The current-generation Innova made its global debut in November 2015. While not that old, it is built on essentially the same IMV bones as its predecessor which made its debut over a decade earlier. While this isn’t a bad thing, there is a limit to how far you can improve the IMV architecture, especially when it comes to refinement and optimizing interior space. More on that later—first let’s take a look at the exterior and make our way under the skin.
Based on the spy photos—a leaked 3D computer image—the next-generation Innova will follow the same general design language as Toyota’s newer MPVs. At first glance, it looks like a Veloz and Corolla Cross mashup which was then enlarged to the size of the current Innova.
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Up front, the next-gen Innova continues to use the recognizable trapezoidal grille present in other Toyota models, particularly the Japanese carmaker’s crossovers and SUVs. The sides appear to be less cluttered than its smaller Avanza and Veloz siblings. The rearmost triangular side windows resemble those found in numerous new Toyota people-haulers from the small Avanza to the large North American Sienna minivan. While there’s not much info on the rear styling, expect it to stray too far from the brand’s design language. We also gave our Innova renderings some Toyota-style CUV/SUV overfenders since the single official teaser shows what appear to be dark, contrasting ones.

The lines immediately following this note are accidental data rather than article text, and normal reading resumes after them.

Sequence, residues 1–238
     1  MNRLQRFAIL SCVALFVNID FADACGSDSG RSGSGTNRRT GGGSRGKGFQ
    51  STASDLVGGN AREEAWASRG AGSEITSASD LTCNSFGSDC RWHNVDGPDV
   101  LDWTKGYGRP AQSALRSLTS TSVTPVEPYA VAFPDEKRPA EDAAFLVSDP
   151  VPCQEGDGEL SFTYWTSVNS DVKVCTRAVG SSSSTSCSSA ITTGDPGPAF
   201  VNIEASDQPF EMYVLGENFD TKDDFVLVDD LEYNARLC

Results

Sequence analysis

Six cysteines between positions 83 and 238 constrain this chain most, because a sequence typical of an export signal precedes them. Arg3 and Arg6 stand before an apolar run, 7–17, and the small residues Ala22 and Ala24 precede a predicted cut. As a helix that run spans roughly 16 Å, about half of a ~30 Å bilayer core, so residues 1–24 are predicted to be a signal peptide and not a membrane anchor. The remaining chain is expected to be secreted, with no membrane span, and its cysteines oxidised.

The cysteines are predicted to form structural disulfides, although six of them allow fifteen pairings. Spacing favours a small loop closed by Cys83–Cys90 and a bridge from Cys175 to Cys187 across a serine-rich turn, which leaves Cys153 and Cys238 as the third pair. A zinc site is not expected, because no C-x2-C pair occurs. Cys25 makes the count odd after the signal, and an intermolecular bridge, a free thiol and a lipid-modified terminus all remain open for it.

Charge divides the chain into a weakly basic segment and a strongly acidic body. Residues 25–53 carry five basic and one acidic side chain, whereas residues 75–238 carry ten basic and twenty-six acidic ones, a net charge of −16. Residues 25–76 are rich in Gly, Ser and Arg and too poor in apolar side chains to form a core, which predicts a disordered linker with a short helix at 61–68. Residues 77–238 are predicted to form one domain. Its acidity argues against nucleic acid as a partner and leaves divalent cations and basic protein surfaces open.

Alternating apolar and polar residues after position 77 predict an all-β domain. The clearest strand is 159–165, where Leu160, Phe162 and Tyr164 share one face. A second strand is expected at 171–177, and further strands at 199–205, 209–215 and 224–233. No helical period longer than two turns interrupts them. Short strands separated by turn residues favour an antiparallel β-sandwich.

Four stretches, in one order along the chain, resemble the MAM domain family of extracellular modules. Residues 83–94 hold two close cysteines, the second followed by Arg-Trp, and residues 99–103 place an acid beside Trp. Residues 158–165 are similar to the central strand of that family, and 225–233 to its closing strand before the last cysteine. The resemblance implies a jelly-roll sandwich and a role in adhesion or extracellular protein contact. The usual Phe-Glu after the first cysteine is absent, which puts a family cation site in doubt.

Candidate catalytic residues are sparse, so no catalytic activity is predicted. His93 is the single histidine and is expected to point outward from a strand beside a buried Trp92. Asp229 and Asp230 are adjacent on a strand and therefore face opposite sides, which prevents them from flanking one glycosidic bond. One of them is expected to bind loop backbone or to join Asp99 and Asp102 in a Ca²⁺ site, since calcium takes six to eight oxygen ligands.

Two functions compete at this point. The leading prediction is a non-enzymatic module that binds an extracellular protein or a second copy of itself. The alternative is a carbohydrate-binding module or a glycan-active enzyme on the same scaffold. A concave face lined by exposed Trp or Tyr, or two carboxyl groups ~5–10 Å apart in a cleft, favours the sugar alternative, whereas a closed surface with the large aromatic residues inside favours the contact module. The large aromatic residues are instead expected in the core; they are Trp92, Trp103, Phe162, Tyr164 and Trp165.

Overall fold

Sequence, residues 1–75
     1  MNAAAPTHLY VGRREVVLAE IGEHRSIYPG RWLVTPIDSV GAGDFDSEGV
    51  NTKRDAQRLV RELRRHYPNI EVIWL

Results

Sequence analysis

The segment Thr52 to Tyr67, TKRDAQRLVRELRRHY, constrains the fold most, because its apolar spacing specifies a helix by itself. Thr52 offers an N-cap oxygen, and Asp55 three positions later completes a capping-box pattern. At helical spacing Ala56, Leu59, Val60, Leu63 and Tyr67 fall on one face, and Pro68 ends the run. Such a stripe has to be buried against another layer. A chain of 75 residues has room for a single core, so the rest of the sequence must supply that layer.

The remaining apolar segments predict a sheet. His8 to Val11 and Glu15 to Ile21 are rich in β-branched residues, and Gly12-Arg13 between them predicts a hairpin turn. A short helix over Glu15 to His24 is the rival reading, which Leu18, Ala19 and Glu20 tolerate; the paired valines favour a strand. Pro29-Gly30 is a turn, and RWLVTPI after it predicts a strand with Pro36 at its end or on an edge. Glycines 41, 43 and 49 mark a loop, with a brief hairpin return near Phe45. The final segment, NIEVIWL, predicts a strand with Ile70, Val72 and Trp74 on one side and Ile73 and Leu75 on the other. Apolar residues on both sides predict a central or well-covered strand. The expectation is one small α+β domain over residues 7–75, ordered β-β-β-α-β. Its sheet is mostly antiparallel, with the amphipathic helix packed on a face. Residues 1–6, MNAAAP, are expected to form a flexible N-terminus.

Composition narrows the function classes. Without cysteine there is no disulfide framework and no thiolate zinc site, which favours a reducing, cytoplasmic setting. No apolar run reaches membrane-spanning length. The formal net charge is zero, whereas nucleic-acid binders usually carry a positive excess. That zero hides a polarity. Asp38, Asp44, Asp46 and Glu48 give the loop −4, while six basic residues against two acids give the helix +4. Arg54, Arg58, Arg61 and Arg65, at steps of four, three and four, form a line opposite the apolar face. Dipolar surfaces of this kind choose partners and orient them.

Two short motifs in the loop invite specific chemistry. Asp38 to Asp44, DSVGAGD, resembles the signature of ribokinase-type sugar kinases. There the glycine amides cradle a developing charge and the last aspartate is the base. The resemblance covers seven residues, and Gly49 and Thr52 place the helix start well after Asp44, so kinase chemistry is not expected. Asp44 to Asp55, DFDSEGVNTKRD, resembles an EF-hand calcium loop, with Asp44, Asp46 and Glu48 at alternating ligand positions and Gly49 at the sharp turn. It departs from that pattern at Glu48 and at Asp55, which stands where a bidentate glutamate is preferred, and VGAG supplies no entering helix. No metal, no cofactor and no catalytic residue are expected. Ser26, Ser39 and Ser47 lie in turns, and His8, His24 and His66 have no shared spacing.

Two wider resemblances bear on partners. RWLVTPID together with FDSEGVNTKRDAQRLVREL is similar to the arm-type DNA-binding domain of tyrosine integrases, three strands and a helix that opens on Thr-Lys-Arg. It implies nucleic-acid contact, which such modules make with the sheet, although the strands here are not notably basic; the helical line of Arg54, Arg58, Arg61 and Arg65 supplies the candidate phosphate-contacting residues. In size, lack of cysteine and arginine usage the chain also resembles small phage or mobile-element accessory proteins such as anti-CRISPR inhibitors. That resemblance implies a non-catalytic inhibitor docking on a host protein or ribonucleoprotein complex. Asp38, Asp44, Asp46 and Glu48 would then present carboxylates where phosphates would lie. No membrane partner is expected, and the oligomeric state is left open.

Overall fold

According to rumors, the next-generation Innova will move to a version of Toyota’s front-wheel drive TNGA platform. Rear-view spy photos show that it has no rear-axle pumpkin and instead has the silhouette of a torsion beam axle. This bit of information supports the unibody TNGA rumors.
The next-gen Innova is rumored to have various suffixes added to its name, one of them ‘Hycross’ which is believed to be a hybrid crossover. The ‘hybrid’ part of its name is the interesting part. If this is indeed built on a TNGA platform, we can assume it could be powered by the 1.8-liter gasoline mill found in the hybrid versions of the Corolla Altis and Corolla Cross since these are the ones available in the region.
In the Corolla hybrid twins, this gasoline-electric powertrain puts out a total system output of 120hp. Of course, this is just pure speculation, as Toyota could surprise us with a more powerful gasoline-electric hybrid system. The 197hp 2.0-liter hybrid engine in the Euro-spec Corolla Cross would be very interesting. Currently, there is no diesel engine option in any of Toyota’s front-wheel drive models, so don’t expect to see an oil-burner in the next Innova. What is more plausible is a non-hybrid gasoline engine option which we assume won’t be called Hycross.
Expect the next-generation Innova to make its debut very soon. Are you excited to see the next chapter of Toyota’s popular MPV? Let us know in the comments.